Individuals and firms interested in investing in idle government land will have to show their financial muscle before they are allowed to start commercial farming at the State-owned farms.
Agriculture and Livestock PS Harry Kimtai said a committee had been tasked to come up with the leasing framework will also want proof of one having been involved in major investment activities as a requirement to be allocated land for farming under the programme.
He said the framework, which has been completed and currently awaiting its adoption, has been established in conjunction with the Ministry of Lands.
“We are not going to discriminate on individuals who want to invest in these lands, however, the person has to show us proof of being an investor as well as having a certain amount of money to lease the farm,” said Mr Kimtai.
The PS said the framework will help curb a scenario where one bids for a lease and then fails to utilise the allocated parcel.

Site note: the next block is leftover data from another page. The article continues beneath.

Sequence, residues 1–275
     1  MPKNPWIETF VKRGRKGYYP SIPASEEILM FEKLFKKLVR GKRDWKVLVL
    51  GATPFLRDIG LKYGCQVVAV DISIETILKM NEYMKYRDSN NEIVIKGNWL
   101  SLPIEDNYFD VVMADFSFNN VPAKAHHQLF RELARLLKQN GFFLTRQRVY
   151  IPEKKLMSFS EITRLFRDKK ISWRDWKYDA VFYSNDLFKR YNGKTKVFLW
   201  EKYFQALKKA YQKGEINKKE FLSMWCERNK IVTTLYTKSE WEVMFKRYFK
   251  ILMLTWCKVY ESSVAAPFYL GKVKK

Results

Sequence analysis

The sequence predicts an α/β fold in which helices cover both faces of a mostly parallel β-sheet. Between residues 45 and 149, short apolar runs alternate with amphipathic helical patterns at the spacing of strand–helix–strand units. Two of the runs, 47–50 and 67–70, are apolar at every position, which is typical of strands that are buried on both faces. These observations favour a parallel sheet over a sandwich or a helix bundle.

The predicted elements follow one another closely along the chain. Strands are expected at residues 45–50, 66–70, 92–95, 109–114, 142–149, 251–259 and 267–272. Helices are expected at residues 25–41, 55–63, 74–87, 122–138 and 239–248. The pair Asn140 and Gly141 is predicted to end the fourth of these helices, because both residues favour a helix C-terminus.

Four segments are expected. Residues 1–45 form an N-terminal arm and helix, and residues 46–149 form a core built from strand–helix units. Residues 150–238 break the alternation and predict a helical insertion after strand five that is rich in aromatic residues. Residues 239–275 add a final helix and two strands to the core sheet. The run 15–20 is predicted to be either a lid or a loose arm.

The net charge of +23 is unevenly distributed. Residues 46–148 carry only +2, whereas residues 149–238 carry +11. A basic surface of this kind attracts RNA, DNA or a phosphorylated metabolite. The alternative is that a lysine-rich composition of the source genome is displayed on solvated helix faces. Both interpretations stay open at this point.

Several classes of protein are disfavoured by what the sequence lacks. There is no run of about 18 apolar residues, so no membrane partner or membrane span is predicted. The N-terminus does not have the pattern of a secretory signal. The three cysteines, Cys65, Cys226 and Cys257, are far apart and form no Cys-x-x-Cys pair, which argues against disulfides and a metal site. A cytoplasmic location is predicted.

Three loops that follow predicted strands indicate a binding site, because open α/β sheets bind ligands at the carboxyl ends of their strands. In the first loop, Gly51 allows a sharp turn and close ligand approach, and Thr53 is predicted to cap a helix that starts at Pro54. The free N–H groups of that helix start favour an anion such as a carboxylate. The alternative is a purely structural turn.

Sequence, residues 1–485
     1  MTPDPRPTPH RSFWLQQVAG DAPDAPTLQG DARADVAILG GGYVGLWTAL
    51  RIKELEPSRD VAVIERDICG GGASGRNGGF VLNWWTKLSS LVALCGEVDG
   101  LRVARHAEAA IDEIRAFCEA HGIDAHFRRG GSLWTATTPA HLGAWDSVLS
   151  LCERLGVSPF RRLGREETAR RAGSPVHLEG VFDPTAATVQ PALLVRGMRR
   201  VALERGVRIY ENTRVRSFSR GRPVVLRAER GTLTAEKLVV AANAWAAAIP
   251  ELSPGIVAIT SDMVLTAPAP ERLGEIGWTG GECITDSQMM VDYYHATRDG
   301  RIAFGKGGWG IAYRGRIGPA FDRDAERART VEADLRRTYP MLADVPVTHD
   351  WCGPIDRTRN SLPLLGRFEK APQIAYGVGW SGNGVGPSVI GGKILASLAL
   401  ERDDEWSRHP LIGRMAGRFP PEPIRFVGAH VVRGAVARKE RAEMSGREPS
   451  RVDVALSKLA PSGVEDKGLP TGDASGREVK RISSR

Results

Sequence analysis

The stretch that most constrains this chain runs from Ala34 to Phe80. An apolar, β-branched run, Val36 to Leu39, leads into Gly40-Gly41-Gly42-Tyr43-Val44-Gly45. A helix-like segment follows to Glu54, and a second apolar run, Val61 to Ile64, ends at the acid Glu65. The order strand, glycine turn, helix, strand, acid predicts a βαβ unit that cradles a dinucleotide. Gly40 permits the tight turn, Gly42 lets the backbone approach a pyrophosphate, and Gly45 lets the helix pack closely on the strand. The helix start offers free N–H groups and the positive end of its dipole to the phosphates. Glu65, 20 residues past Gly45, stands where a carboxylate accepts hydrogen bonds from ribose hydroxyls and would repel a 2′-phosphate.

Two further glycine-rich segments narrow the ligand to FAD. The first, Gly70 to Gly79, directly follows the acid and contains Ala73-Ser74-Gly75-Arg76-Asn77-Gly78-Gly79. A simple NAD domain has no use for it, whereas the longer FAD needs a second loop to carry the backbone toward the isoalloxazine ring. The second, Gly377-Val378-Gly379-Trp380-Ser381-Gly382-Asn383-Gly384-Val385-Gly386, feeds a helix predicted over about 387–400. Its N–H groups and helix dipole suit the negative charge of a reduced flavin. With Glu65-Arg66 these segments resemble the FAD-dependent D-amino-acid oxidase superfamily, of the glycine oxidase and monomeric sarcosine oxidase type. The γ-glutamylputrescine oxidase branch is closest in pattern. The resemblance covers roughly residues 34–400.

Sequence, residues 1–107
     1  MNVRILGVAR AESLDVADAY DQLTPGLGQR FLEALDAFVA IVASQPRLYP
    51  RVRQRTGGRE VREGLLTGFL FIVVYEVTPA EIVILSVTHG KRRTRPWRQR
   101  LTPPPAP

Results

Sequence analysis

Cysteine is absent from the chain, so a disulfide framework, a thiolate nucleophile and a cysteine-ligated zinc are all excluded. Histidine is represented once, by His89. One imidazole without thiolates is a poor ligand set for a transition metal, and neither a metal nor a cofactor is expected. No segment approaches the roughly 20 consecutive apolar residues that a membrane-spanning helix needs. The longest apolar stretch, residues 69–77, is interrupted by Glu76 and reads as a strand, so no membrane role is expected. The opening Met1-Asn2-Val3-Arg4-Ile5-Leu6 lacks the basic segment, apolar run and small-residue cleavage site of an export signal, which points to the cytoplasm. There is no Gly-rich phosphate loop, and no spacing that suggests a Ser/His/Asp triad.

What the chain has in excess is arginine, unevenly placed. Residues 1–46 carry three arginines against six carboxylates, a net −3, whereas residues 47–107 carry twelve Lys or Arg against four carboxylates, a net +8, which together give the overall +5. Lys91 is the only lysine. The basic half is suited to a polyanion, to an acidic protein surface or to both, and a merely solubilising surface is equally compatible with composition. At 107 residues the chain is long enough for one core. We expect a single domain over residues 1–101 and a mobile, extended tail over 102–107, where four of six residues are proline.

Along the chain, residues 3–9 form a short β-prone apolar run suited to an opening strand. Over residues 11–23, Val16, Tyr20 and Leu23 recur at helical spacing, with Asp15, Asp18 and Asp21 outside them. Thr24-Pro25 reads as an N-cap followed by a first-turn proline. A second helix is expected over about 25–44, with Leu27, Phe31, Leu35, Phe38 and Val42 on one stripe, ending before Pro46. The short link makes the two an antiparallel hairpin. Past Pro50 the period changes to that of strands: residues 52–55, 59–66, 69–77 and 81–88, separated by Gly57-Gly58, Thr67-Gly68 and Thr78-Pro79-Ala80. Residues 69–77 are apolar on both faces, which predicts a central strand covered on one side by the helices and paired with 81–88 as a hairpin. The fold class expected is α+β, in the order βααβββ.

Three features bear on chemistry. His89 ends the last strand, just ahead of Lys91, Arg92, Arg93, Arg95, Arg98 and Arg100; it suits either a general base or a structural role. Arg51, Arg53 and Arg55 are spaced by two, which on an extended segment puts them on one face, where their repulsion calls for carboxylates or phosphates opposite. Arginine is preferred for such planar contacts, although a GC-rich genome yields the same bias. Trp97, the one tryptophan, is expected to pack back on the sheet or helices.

The Cabinet, chaired by President Uhuru Kenyatta, last month approved the policy on large-scale commercialisation of public land held for agricultural production.
The policy seeks to provide a framework for the utilisation of idle land owned by public institutions for large-scale commercial agricultural production.
Kenya is seeking a model where thousands of acres of public land will be leased to private investors for food and cash crop production that relies less on rain-fed agriculture in favour of irrigation.
Some of the parastatals holding vast but idle land include the Kenya Railways, the Kenya Broadcasting Corporation, the East African Portland Cement, Kenya Prisons, and the University of Nairobi.
The PS said other vast lands that the government owns in areas such as Isiolo, Samburu, Mandera, Lodwar and Wajir will also be given to private investors to specifically grow pasture for livestock to avert animal deaths that are occasioned by drought.
“We want to bring in people who can use this land for the production of pasture so that the pastoralists will not have to move to other regions such as Ethiopia and Uganda in search of fodder,” he said.
Kenya’s commercial agro-sector currently focuses on produce like tea, coffee, fruits, vegetables and flowers, which are key foreign exchange earners.
Now, Kenya seeks large-scale commercial production of food crops like maize, beans and vegetables, targeted at the domestic market.